06 SES 11, Media and Early Childhood Education
Digital media have become a significant theme in children’s lives. This counts for games and playful explorations, digital literacy practices in homes, communities, day care centers, kindergarten and pre-schools. Results from the EU Kids Online project show that “children are going online more, at younger ages, and in more diverse ways” (EU Kids Online 2014, p. 6). However, there is a widespread uncertainness among parents and in educational institutions how to deal with digital media and which kinds of actions are needed from educators, childcare workers, as well as in the context of continuing education and educational policy. International data suggest that this is a worldwide phenomenon (DigiLitEY, WG 2, see: Kontovourki et al. 2017), but discussed rather nationally, without crossing borders. So far, there is relatively little empirical data from non-English-speaking countries being discussed internationally. That is especially true for media education in inclusive settings. As for early childhood media education, inclusion and exclusion are not only about the organization of modes and degrees of societal integration or contributions to social (in)justice and (un)equal opportunities. Dynamics of inclusion and exclusion are also about access to media technologies, media cultures and the development of related skills, knowledge and understanding.
The symposium brings together empirical results, theoretical considerations and reflections on media practices and curricular issues dealing with questions such as:
In what way is digital inclusion in early childhood education part of real serious problems, and in what way is it part of future oriented solutions?
How can children’s literacies and digital skills be further developed and more strongly supported?
How is children’s play changing in view of developments in media, technology and commercial media cultures?
Which strategies for overcoming educational gaps and conservative pedagogy (Bewahrpaedagogik) including populist forms of pseudo-scientific neuro-missionary are most promising?
How can young children’s online opportunities and digital skills be further developed, while at the same time, considering avoidance of total media control?
How should educators' expertise in the teaching and learning of digital and media literacy be further developed?
In this symposium, the terms ‘early childhood education’ and ‘early years education’ are used synonymously. The contributions to the symposium should enrich the international research and discussion with data from different perspectives, especially from German speaking countries such as Germany, Switzerland, and Austria.
The first contribution focuses on the awareness for mediatization and inclusion as part of teacher education in Germany. Results of the DoProfil-project at the Technical University of Dortmund suggest how to combine theory, practice and reflection in order to establish iT-PACK as teachers’ attitude. Digital media education, inclusion, pedagogy and content knowledge are brought together.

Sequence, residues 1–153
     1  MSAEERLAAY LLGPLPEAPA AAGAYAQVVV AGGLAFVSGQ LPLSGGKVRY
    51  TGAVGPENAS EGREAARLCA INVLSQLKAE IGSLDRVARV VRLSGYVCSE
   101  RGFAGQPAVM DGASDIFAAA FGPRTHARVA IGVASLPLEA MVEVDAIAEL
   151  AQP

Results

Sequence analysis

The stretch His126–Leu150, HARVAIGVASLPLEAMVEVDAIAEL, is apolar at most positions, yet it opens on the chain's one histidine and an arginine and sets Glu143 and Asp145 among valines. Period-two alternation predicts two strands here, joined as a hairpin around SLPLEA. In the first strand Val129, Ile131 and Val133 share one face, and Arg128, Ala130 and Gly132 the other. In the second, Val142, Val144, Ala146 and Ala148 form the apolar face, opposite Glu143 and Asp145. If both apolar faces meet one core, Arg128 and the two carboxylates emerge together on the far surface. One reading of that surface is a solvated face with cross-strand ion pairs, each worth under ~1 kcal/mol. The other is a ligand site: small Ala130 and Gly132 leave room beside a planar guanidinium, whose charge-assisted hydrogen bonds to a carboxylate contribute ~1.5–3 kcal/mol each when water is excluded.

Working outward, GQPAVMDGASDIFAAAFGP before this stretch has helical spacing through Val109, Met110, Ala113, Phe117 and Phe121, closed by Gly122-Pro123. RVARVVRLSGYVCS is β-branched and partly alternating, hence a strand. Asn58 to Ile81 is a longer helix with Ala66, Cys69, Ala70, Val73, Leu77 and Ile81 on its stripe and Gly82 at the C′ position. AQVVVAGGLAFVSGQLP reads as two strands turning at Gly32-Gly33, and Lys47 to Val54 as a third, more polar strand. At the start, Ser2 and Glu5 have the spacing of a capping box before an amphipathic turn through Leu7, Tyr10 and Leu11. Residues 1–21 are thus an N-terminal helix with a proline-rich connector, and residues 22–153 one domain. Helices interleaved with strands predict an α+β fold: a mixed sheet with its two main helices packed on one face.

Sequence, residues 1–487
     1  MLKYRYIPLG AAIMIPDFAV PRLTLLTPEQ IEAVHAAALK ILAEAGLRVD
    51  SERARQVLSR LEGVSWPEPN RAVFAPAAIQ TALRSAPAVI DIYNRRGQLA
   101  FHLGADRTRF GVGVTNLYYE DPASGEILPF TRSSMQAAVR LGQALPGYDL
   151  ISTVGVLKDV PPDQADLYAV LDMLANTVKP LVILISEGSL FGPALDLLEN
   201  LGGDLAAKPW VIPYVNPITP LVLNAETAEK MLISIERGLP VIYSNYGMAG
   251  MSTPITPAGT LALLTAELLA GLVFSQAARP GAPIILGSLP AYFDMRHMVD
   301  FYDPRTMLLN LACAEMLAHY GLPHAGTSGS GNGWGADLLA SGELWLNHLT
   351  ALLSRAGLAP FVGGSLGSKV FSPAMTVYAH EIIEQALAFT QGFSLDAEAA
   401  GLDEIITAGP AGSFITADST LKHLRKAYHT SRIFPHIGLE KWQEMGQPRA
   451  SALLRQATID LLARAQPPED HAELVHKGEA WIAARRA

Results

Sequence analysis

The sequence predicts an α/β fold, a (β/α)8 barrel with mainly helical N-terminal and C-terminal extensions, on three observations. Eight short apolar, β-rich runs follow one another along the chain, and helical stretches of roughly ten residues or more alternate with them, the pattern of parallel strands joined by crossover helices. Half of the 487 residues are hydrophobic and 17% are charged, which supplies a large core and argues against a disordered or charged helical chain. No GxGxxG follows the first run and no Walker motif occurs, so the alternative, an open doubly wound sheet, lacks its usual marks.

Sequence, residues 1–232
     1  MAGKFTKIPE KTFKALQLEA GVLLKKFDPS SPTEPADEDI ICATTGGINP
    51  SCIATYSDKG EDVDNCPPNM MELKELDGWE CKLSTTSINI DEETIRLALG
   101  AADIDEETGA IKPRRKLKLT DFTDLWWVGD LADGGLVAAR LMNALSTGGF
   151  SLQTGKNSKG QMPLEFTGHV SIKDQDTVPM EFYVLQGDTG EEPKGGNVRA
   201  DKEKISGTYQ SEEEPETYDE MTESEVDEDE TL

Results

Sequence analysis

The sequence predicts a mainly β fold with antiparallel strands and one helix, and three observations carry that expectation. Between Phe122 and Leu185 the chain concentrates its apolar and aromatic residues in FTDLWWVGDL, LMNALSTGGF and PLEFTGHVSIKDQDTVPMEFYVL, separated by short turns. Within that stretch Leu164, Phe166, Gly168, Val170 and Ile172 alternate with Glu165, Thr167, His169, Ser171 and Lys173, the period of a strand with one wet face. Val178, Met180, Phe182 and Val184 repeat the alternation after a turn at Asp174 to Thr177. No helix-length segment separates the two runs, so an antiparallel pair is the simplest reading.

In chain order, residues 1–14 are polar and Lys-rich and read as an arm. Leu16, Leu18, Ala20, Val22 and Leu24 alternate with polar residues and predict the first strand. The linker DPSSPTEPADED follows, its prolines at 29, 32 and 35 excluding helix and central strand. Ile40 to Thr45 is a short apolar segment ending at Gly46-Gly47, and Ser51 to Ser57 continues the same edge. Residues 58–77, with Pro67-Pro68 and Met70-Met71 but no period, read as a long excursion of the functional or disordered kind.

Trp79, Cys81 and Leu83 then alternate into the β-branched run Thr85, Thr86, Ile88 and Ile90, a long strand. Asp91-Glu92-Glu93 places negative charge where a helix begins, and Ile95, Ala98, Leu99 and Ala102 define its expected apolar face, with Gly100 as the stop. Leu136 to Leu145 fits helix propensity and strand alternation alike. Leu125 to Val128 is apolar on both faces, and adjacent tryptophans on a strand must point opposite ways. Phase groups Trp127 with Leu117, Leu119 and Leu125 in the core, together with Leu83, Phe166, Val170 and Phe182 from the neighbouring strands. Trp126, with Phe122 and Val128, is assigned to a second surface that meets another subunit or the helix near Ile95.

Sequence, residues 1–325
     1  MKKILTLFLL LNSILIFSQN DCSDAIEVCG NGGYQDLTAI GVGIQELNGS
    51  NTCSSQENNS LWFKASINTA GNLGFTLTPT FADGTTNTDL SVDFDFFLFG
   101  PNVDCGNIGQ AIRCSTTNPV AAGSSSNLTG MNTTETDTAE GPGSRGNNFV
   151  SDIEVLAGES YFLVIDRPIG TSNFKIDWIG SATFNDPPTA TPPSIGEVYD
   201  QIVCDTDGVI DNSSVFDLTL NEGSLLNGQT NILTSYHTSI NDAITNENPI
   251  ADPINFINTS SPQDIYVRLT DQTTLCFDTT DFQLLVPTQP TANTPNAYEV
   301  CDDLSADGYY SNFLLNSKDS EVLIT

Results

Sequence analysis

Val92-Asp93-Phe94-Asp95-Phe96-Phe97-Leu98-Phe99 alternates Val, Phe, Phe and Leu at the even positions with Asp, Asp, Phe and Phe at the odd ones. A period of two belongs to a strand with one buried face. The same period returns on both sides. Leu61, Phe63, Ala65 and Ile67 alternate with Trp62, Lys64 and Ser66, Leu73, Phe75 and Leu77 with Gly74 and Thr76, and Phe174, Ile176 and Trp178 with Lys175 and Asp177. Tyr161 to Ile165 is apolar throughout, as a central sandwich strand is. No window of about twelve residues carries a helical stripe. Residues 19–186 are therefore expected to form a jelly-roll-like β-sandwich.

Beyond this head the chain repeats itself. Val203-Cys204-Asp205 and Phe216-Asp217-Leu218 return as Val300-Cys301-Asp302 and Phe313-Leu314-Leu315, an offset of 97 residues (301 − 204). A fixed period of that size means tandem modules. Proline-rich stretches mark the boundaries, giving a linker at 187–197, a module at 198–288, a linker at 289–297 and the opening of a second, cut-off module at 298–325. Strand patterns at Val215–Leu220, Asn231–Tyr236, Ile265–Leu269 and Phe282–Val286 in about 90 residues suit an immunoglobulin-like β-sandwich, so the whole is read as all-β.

The second contribution addresses recent developments in Germany. It is based on the results of an analysis of Kindergarten curricula and curricula for training and study programmes of kindergarten teachers.
The third paper discusses current curricula for Kindergarten and for the training of kindergarten teachers in Austria. The discussion of the curricula is illustrated by best practices for media literacy education in the Kindergarten that have been developed by future kindergarteners in an action research project.
The last paper gives an overview on current structures and practices in teacher education in Media Education for early childhood in Switzerland. It discusses principles of media education such as “Bewahrpaedagogik”, media education as health care, and tentative careful fostering of early media literacy.
A main challenge which underlines all contributions is a European perspective on media education in early childhood, which needs to be discussed in detail at the symposium.
Amrhein, B./Dziak-Mahler, M. (2014): Fachdidaktik inklusiv. Münster: Waxmann. Brüggemann, M. et al. (2013). Förderung von Medienkompetenz in Bremer Kindertageseinrichtungen. Bremen: ifib. Eder, S. & Roboom, S. (2016). Kamera, Tablet & Co. im Bildungseinsatz. In J. Lauffer & R. Röllecke (eds.), Dieter Baacke Preis Handbuch 11. Krippe, Kita, Kinderzimmer.(pp. 25–35). München: Kopaed. EU Kids Online (2014) EU Kids Online: findings, methods, recommendations (deliverable D1.6). EU Kids Online, LSE, London, UK. Online: http://eprints.lse.ac.uk/id/eprint/60512 Kammerl, R. & Thumel, M. (2016). Medienpädagogik in der Kita. (MA HSH). Kontovourki, S. et al. (2017): Digital Literacy in the Early Years: Practices in Formal Settings, Teacher Education, and the Role of Informal Learning Spaces. A Review of the Literature. COST ACTION IS1410. http://digilitey.eu/wp-content/uploads/2015/09/WG2-LR-March-2017-v2.pdf. Larson, J. and Marsh, J. (2013). Handbook of Early Childhood Literacy (2nd ed). London: Sage. Livingstone, S, and Haddon, L (2009): EU Kids Online: Final report. LSE, London: EU Kids Online. Marci-Boehncke, G. et al. (2013): Kinder - Medien - Bildung. München: kopaed. Marsh, J. et al. (2015). Exploring play and creativity in pre-schoolers’ use of apps: Final project report. Retrieved from: www.techandplay.org. Sefton-Green, J. et al. (2016). Establishing Research Agenda for the Digital Literacy Practices of Young Children: A White Paper for COST Action IS1410
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